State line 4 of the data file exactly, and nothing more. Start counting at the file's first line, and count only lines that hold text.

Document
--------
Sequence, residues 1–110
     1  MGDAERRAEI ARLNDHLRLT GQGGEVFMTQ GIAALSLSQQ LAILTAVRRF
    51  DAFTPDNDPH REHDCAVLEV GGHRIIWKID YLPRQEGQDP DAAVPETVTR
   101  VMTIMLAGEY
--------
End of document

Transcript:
   101  VMTIMLAGEY